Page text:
A prominent scientist inadvertently rebuts much of the climate hype
Extinction Rebellion seem to be everywhere at the moment. And everywhere their story is the same. We are in the middle of a climate catastrophe. As the Huffington Post put it,
Human-caused climate change is driving sea-level rise, drought, extreme weather and a biodiversity crisis that scientists have declared Earth’s sixth mass extinction event. As many as 150 species die off each day.
Scary eh? Surely that’s enough to justify the odd street protest?
It was therefore interesting to see read some remarks from Richard Betts today. Professor Betts is the head of climate impacts at the Met Office, so his views in this area carry a certain amount of weight. Asked what he thought were the top three negative impacts of climate change that have “absolutely started”, he replied:
- Sea level rise
- Increasing risk of high temperatures
- Changes in phenology and distribution for numerous species
This left me agog. There was nothing about drought or hurricanes or any of the other manifestations of extreme weather that are said to be afflicting us; nothing about floods, or typhoons, or desertification or crashing crop yields or climate refugees, mass extinctions, skydiving walruses and any of the thousand and one tall tales that climate activists spin and the media faithfully repeat every day. The contrast between this take on currently observed negative impacts and David Attenborough’s risible Climate Change: the Facts programme last week is startling. The take home message is that most of what the “national treasure” told viewers about climate change was grubby insinuation rather than fact: less to do with science than with the BBC’s ongoing eco-campaign.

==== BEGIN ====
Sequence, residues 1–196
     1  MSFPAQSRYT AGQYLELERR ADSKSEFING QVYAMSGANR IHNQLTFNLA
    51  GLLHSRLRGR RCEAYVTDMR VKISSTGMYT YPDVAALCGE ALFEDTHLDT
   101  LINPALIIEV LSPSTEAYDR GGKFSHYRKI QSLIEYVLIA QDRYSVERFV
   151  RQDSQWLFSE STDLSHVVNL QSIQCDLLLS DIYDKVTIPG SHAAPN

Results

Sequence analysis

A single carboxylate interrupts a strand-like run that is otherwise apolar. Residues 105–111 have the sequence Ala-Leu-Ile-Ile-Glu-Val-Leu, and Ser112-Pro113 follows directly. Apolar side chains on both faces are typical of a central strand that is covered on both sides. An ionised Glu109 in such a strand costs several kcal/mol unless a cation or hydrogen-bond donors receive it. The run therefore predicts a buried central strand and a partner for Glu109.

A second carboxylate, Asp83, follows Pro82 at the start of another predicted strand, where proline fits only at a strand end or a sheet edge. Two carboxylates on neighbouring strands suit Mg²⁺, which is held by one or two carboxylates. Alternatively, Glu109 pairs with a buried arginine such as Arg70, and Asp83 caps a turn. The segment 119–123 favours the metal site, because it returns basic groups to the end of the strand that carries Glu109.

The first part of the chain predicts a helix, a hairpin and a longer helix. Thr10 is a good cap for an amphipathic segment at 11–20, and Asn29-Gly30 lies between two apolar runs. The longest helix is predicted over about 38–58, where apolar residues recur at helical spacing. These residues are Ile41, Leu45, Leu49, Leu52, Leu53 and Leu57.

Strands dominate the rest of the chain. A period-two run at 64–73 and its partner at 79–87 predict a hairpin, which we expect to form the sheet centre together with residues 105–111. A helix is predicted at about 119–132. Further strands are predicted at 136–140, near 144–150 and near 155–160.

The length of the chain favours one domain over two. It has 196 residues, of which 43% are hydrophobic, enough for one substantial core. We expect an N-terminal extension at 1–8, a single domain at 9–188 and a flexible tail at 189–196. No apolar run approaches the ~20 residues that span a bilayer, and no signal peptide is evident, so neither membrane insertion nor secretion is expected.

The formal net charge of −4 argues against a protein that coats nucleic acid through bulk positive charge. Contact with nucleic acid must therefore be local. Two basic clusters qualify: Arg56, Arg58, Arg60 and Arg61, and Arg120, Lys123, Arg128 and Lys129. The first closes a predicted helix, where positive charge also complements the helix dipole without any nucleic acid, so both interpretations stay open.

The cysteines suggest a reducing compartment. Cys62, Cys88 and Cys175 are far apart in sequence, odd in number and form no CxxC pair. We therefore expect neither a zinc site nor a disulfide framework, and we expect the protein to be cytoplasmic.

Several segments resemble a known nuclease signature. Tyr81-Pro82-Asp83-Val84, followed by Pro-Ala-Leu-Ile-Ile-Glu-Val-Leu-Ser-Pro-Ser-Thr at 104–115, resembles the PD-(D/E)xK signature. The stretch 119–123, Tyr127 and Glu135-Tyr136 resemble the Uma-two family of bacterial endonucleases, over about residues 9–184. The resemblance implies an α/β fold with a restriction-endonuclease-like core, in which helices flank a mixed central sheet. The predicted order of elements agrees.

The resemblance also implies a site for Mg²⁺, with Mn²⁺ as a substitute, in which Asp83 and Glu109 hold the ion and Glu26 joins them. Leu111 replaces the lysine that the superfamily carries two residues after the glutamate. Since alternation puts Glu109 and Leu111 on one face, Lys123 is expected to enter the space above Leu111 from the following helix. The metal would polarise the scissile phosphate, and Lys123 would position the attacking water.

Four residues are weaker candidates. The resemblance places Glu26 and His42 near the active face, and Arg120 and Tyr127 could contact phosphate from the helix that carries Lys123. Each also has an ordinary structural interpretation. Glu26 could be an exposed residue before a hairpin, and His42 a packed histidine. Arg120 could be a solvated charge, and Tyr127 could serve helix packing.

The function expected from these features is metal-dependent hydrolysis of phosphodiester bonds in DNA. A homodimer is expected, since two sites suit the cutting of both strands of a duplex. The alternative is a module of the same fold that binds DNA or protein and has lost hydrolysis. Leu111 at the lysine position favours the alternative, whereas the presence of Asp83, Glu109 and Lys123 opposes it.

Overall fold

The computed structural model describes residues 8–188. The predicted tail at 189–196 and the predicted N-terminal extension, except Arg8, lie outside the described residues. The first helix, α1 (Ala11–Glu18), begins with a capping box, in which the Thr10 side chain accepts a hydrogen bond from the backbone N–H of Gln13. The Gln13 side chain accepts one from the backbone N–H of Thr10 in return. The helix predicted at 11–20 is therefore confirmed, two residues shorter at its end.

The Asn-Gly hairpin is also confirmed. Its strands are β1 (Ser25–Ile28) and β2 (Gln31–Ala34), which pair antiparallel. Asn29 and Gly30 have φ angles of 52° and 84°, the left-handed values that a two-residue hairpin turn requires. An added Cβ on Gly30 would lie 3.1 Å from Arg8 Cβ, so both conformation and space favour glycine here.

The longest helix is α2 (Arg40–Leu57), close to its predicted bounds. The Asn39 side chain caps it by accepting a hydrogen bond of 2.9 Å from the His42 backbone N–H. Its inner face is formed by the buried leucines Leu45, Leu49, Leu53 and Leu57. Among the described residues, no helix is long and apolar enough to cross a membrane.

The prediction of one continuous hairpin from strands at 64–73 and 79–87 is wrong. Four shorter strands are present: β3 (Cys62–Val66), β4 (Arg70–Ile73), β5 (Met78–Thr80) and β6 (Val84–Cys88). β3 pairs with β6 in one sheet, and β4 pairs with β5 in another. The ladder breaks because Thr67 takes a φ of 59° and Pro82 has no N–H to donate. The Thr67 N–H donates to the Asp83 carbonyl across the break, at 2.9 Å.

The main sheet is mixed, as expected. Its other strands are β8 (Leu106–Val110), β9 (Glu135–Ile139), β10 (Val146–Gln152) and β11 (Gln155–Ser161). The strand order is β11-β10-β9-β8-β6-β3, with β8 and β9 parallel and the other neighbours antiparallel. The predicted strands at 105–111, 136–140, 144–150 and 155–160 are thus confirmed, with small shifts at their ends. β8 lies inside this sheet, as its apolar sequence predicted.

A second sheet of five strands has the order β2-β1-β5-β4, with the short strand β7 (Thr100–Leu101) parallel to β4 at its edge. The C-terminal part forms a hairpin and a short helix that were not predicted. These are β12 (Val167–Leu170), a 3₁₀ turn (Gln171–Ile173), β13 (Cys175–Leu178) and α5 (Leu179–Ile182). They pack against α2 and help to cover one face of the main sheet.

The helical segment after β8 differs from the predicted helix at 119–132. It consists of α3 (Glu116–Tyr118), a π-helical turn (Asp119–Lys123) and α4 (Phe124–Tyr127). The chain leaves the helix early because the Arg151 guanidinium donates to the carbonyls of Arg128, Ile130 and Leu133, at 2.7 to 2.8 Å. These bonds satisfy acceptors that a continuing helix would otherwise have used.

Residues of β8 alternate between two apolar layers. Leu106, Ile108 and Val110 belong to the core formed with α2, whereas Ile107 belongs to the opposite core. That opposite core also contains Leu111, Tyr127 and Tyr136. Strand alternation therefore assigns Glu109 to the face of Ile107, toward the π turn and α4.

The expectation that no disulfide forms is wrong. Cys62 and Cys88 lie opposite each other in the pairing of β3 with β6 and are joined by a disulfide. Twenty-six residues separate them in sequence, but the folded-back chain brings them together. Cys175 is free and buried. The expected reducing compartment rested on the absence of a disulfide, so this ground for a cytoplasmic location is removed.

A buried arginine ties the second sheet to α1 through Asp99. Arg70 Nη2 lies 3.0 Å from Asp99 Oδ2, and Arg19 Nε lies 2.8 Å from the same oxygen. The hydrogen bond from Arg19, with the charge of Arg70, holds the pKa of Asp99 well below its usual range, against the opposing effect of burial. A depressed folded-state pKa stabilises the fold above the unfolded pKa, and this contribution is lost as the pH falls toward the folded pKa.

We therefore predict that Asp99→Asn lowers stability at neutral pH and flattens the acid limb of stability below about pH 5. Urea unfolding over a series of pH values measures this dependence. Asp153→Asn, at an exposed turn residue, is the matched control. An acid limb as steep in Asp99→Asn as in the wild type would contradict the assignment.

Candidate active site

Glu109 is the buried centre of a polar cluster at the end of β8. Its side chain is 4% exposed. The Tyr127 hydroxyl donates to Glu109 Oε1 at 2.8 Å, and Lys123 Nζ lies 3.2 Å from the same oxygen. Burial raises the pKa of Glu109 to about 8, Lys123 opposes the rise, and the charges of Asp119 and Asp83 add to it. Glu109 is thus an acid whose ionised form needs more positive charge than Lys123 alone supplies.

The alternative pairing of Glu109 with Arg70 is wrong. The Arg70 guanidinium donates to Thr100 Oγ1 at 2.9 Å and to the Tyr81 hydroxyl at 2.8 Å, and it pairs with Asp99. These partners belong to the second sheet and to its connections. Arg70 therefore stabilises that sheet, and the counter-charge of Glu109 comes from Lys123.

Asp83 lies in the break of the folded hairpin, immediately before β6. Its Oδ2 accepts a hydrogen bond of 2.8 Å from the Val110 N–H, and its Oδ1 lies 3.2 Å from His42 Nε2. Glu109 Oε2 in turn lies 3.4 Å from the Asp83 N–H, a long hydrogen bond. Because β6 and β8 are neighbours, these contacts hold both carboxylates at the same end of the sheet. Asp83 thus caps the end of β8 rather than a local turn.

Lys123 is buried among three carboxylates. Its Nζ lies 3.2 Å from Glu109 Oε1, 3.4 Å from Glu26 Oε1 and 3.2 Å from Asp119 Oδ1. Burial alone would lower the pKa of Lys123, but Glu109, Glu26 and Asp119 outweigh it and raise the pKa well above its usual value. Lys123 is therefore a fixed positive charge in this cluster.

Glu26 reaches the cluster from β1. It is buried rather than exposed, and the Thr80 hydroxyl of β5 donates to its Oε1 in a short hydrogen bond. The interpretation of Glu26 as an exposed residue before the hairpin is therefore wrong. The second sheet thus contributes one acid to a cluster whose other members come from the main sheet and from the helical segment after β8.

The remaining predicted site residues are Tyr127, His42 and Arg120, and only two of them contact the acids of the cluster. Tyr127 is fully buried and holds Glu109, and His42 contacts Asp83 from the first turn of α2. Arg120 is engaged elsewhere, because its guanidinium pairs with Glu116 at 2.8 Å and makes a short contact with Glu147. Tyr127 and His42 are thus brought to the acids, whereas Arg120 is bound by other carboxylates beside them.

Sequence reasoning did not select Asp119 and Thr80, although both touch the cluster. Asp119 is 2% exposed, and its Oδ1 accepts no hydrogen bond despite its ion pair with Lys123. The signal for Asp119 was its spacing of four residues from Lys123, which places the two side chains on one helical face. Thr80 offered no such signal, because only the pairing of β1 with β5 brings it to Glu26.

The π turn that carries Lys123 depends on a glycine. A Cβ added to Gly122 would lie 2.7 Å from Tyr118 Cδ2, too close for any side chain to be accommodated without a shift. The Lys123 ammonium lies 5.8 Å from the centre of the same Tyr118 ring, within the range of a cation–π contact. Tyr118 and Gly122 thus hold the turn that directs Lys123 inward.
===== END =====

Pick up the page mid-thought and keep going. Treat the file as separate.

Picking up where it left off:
And when you look more closely at Betts’ list it’s hard not come away with the impression that there is little to write home about at all. Sea levels have been rising for centuries and evidence that it’s getting faster is marginal at best. The suggestion that “changes in phenology” are negative seems a little spurious too; if daisies bloom a few weeks earlier than they did, there’s not much of a problem, surely? And similarly, higher temperatures bring undoubted benefits, particularly in the winter. Is the overall impact negative? Probably not. None of this is to suggest that Betts has become a sceptic – quite the contrary. But it does provide us with useful clarity over what the case for climate alarm is and isn’t. It’s little to do with what is actually happening now. Mostly it’s about what scientists’ computer simulations say might happen. That’s fine, but reasonable people can agree that prediction is hard, particularly of the future. If serious people are ready to move on from “we are in the midst of climate breakdown”, then all well and good. Let’s now have a conversation about climate simulators and what they can tell us about the future.